A relaxed read on the issues of the day
April saw equities in the western hemisphere deliver positive returns, with the UK Equity market delivering the strongest return of +2.5%. Resilient economic data was the main driver for the positive returns. While the emerging markets were generally weak, delivering negative returns, notably we saw weakness from the Chinese stock market.
UK equities had a strong month. Financials were the top contributor, driven in part by the banking sector, which saw a recovery as the fears around the health of the US banking sector began to subside. The oil price rallied over the month, after Saudi Arabia announced a surprise decision to cut production, driving positive returns for the large cap diversified energy sector. Domestically focused sectors surprisingly held up well, given the fact that inflation and wage data was stronger than forecast, leading to increased probability of further interest rate rises. However, this part of the marker has seen a significant drawdown over the last 12/18 months, the resilience could be an indicator that a lot of the bad news expectations are baked into process. Inflation was more persistently stubborn failing to fall below the 10% level which was the market expectation, instead coming in at 10.1% (the expectation was for 9.2%).
European equities also had a positive month delivering +2.0% return. We saw a range of corporate earnings coming out from European companies that were generally better than forecast, which was the primary driver. At the same time inflation is starting to recede. On a forward-looking basis the Eurozone Purchasing Managers Index (PMI) came in a 54.4, a 12-month high. A reading above 50 indicates economic expansion.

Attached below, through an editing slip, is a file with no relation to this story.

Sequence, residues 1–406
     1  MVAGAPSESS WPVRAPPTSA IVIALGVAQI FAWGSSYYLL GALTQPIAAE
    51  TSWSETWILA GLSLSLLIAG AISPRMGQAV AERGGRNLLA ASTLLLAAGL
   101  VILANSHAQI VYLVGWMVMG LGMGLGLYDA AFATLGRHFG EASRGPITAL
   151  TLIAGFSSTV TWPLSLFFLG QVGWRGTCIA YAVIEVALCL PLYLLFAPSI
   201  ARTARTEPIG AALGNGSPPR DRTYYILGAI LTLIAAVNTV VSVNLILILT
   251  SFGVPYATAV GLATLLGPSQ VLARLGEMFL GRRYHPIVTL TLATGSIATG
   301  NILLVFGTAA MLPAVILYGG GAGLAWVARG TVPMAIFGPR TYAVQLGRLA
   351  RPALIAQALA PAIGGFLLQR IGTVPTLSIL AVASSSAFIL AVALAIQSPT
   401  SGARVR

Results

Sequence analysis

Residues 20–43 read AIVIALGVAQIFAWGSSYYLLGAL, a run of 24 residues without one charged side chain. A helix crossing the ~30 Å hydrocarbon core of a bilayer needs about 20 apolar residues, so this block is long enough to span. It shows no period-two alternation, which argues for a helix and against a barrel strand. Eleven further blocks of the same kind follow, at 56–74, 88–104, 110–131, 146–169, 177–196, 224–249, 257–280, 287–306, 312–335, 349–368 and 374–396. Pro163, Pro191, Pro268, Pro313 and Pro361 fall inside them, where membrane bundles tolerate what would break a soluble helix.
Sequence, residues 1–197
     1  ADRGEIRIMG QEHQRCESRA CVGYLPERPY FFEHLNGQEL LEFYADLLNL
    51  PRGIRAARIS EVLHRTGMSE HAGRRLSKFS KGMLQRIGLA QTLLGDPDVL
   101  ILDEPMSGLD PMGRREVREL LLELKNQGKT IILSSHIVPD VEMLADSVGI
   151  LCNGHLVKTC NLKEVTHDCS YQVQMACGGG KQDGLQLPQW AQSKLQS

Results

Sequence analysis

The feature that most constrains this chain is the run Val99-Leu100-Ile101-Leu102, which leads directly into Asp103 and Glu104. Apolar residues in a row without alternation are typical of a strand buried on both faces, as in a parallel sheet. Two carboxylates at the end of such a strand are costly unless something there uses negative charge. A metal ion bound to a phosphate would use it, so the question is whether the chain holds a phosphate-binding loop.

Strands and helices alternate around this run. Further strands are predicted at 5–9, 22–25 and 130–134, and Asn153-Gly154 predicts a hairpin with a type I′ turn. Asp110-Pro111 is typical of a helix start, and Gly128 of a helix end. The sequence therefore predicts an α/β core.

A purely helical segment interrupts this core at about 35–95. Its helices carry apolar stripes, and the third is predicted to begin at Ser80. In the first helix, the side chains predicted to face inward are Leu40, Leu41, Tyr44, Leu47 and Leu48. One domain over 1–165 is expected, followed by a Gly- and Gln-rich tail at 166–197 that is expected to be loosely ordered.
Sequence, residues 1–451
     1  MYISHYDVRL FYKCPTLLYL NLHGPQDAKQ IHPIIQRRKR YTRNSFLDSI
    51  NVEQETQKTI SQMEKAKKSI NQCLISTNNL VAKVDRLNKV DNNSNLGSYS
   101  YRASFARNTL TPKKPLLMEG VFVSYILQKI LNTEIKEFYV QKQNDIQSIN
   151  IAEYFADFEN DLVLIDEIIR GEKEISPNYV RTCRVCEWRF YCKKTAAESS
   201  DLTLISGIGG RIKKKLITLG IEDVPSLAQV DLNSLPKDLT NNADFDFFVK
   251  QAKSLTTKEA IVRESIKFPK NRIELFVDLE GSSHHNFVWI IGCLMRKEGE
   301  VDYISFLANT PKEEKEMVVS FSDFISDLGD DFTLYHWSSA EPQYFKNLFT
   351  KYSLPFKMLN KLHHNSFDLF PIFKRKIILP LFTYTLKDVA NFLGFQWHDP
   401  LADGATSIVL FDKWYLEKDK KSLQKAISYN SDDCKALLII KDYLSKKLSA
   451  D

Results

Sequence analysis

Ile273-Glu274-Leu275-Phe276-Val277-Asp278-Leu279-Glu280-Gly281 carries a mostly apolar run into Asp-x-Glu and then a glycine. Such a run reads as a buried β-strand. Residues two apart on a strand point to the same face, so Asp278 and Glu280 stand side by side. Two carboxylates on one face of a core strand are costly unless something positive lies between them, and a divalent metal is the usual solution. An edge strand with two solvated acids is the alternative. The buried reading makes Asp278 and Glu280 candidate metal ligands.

Emerging markets delivered negative returns for the month, as renewed US-China tensions arose. These concerned Taiwan, as well as potential new restrictions from the US government in relation to direct investments in China. China was the worst performing region, for the above-mentioned reason. However, the macroeconomic data coming out was much better than expected, seeing Q1 GDP growth and improved export performance.
Bond market returns for the month were mixed. UK and global government bonds delivered negative returns, while UK and global corporate bonds were positive. Markets are anticipating further near-term rate hikes from the Fed (in the US), Bank of England and the European Central Bank (ECB). UK government bonds (Gilts) were the worst performer, as economic activity was more resilient than expected and inflation surprised to the upside. Corporate bonds were positive as yields tightened. Markets recovered from the broad-based sell-off we saw post the events surrounding Silicon Valley Bank (SVB), Signature Bank & Credit Suisse. Investment grade bonds and high yield bonds delivered positive returns.
Commodity markets recorded negative returns for April. Agriculture, industrial metals and energy were the worst performing sectors. OPEC made a surprise decision to cut the production of oil by one million barrels a day. However, this did not stop the decline in the price of crude or Brent oil.
In aggregate it was a mixed bag of returns across the different asset classes, highlighting the benefits of global diversification across portfolios.